E-mini S&P (December)
Yesterday’s close: Settled at 3367.75, up 15.75
NQ, yesterday’s close: Settled at 11,574.75, up 167.50
Fundamentals: U.S. benchmarks are sharply lower after an eventful evening and ahead of Nonfarm Payroll. House Democrats marginally passed a $2.2 trillion Coronavirus aid bill last night; the problem being, it does nothing to get a deal done. The White House and Republicans raised their plan to $1.6 trillion but said they will not look at anything with a two handle. Risk-assets moved lower as it exemplified the great divide in Washington. House Speaker Pelosi said she is still willing to negotiate as the clock ticks down, but the next hurdle arose shortly thereafter. President Trump announced he and the first lady each tested positive for Covid-19; the S&P dropped from 3360 to a low of 3300 upon the news and has ping-ponged around since. Although the President’s age and health may make him vulnerable to greater health risks, it is unclear if he has any symptoms. Regardless, as we always say, markets hate uncertainty and are now acting accordingly to added uncertainty just one month before the election.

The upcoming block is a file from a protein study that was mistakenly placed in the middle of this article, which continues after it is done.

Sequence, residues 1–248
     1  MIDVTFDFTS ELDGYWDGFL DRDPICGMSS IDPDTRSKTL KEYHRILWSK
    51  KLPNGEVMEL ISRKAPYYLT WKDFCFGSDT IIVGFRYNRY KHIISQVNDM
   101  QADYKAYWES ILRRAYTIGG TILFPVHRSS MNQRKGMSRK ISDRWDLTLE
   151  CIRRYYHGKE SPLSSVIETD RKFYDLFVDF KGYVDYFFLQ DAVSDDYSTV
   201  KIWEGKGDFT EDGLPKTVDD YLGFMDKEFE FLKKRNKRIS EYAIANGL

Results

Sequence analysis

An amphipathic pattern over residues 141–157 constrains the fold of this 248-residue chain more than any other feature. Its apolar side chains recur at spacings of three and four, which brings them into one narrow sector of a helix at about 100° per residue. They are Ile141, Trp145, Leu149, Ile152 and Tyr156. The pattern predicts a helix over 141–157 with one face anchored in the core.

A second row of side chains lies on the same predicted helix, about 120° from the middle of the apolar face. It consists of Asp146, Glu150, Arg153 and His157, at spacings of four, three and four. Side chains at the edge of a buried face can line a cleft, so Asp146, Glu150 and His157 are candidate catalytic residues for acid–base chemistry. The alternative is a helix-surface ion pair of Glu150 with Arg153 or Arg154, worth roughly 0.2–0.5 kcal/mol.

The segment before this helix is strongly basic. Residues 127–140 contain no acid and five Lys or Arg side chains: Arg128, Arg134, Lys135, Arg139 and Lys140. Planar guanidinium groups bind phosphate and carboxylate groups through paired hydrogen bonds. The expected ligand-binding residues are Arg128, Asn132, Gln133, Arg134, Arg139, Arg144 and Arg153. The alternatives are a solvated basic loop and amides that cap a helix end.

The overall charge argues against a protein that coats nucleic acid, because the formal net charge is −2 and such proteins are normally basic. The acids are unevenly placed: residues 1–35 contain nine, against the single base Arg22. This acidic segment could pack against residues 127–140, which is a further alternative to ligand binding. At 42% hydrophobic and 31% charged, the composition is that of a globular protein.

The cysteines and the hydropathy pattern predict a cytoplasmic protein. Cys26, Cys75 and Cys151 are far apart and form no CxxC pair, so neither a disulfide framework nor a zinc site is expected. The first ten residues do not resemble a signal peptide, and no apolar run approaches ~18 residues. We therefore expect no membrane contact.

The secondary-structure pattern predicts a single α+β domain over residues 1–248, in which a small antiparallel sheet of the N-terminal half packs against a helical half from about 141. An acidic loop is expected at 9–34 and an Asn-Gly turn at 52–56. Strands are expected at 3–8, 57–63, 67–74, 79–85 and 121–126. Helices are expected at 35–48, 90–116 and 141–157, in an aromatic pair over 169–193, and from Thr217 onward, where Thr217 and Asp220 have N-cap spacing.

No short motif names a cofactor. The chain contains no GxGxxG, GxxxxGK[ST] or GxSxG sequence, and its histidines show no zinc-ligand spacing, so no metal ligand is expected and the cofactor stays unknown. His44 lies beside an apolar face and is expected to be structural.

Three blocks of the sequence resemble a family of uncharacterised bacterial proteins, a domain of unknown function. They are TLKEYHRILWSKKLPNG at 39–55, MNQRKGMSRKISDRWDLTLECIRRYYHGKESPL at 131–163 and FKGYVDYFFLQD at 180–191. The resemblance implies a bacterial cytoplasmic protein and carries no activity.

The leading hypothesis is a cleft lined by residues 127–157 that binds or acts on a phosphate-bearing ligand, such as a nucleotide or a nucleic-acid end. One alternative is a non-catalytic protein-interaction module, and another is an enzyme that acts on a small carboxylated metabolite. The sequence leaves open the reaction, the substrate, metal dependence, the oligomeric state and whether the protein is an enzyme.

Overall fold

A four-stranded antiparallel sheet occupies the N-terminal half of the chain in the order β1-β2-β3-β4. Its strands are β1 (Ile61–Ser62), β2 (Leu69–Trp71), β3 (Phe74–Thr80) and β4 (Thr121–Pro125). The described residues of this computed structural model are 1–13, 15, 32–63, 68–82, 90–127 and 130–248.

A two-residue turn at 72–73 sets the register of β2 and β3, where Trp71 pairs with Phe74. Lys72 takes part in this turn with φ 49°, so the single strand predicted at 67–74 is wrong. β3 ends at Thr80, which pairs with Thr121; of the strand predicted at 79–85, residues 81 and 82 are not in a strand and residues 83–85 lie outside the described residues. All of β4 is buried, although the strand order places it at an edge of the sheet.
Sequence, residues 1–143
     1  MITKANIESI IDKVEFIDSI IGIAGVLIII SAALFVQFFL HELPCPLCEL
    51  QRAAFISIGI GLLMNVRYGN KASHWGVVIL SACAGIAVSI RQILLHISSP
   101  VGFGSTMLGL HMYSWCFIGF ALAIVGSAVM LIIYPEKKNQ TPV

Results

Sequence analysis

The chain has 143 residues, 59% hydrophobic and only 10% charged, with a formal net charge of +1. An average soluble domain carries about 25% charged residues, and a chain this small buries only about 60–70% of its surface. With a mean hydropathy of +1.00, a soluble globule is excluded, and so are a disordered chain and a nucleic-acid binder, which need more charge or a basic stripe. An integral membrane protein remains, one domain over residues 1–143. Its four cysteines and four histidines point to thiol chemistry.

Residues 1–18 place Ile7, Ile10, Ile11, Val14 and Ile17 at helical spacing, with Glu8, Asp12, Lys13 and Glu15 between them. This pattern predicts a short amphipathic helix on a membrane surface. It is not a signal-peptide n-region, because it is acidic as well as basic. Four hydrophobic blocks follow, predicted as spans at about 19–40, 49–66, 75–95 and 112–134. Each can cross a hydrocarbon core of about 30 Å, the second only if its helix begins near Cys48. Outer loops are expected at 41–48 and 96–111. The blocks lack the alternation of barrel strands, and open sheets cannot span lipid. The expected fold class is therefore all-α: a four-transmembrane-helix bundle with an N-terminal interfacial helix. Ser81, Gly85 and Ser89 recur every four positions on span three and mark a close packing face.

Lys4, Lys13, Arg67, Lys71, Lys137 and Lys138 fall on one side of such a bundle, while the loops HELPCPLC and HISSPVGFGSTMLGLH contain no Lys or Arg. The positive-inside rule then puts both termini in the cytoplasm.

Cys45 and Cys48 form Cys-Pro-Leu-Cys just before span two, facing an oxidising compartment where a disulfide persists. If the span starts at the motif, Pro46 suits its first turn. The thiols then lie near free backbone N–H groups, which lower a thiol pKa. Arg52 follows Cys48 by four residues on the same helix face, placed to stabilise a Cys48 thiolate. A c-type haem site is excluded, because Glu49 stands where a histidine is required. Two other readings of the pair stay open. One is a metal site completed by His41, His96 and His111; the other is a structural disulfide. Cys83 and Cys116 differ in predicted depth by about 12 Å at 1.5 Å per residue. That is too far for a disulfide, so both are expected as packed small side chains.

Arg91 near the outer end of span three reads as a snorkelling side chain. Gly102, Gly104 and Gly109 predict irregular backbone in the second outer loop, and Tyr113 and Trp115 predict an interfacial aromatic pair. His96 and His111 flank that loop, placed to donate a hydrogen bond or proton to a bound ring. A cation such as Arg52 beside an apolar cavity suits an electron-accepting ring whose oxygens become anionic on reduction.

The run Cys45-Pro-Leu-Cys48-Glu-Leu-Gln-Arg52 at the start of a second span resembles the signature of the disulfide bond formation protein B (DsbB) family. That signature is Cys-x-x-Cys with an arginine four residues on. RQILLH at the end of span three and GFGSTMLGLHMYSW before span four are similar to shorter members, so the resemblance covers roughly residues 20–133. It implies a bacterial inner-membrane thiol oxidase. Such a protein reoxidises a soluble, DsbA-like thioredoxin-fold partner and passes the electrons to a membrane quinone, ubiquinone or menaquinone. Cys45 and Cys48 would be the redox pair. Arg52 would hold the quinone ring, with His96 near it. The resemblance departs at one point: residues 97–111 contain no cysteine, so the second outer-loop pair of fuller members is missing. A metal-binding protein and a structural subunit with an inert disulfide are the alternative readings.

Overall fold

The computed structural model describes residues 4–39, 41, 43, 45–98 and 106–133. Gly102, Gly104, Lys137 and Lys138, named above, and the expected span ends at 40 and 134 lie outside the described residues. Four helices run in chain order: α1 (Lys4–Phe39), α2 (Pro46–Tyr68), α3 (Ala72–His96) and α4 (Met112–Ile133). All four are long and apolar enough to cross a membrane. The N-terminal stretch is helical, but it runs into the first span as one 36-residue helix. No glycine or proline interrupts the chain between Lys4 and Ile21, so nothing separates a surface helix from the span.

Nonfarm Payroll is in focus this morning and 850,000 jobs are expected to have been created in August. If in line with expectations, it brings the job loss total from the onset of the pandemic in March down to 10.1 million. The Unemployment Rate is expected to drop to 8.2% and Average Hourly Earnings are expected to increase by 0.2% MoM and 4.8% YoY. However, if confirmed, an upbeat read on jobs for August will be overshadowed by what is mounting to be a tough October. The airlines are planning for at least 32,000 job cuts if no aid is received. Disney, Goldman Sachs, and Shell are among others announcing planned layoffs.
Yesterday, the Fed’s preferred inflation indicator (Core PCE Index) ticked up 1.6%. Inflation is slowly lurking, although we are not worried it will disrupt a market rally, traders must keep a pulse on these reads in the coming months; if it persists, it could bring a reckoning in the first quarter. In the meantime, we find weakness a buying opportunity and welcome lower price action to levels of strong technical support. We expect fiscal measures to get passed, if not ahead of the election, then after.